Chapter  7: Human Experimentation

Case:  fenfluramine

NEW YORK (CNN) -- Two public advocacy groups say that more than 100 New York City children were unethically used in a medical study of the drug fenfluramine.

The two groups, Disability Advocates Inc., in Albany and New York Lawyers for the Public Interest, filed a complaint with the National Institutes of Health claiming that three New York institutions gave the children each a single dose of fenfluramine when there was no possible therapeutic benefit to be gained.

Fenfluramine, a controversial drug used in the diet pill combination known as fen-phen, was voluntarily pulled from the market by its manufacturer in September 1997 after the U.S. Food and Drug Administration reported that it caused heart valve damage.

The clinical studies in New York were conducted before the drug was pulled.

The Research Foundation of the City University of New York, Mount Sinai Medical Center and the New York State Psychiatric Institute are under "evaluation" by the Office for Protection from Research Risks, an arm of the NIH.

There are federal guidelines for conducting experiments on children that institutions must adhere to, said spokesman Gary Ellis. "And if we have any indication that there may be a violation, we have the authority to look into the matter."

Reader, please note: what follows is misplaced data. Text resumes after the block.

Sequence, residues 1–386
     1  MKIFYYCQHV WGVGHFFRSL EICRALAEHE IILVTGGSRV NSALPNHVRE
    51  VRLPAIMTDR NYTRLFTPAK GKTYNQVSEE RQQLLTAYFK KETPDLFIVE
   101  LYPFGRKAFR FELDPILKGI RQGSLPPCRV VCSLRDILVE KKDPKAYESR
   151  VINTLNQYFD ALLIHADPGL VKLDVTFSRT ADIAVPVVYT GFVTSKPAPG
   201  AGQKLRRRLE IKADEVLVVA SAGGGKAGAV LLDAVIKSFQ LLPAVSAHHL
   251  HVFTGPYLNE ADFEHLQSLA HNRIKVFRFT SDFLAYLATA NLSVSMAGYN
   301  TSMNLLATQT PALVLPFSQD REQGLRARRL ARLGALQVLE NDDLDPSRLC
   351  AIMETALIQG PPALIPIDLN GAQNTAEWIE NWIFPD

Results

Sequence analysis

'Healthy kids put at risk'

The most alarming of the studies, said Ruth Lowenkron of New York Lawyers for the Public Interest, involved siblings of children considered to be juvenile offenders.

"These were healthy kids put at risk just to prove a hypothesis," said Lowenkron.

But the New York State Psychiatric Institute, which conducted that study, defends it, saying such research needs to be done for the benefit of future treatment.

A second study tested the same drug on children who have attention deficit disorder and could theoretically benefit from the drug.

Concerns about experiments involving children are not new, especially in New York state where previous complaints have forced the state's Department of Health to look into adopting new regulations and guidelines.

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Protest letter:


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Copyright Philip A. Pecorino 2002. All Rights reserved.

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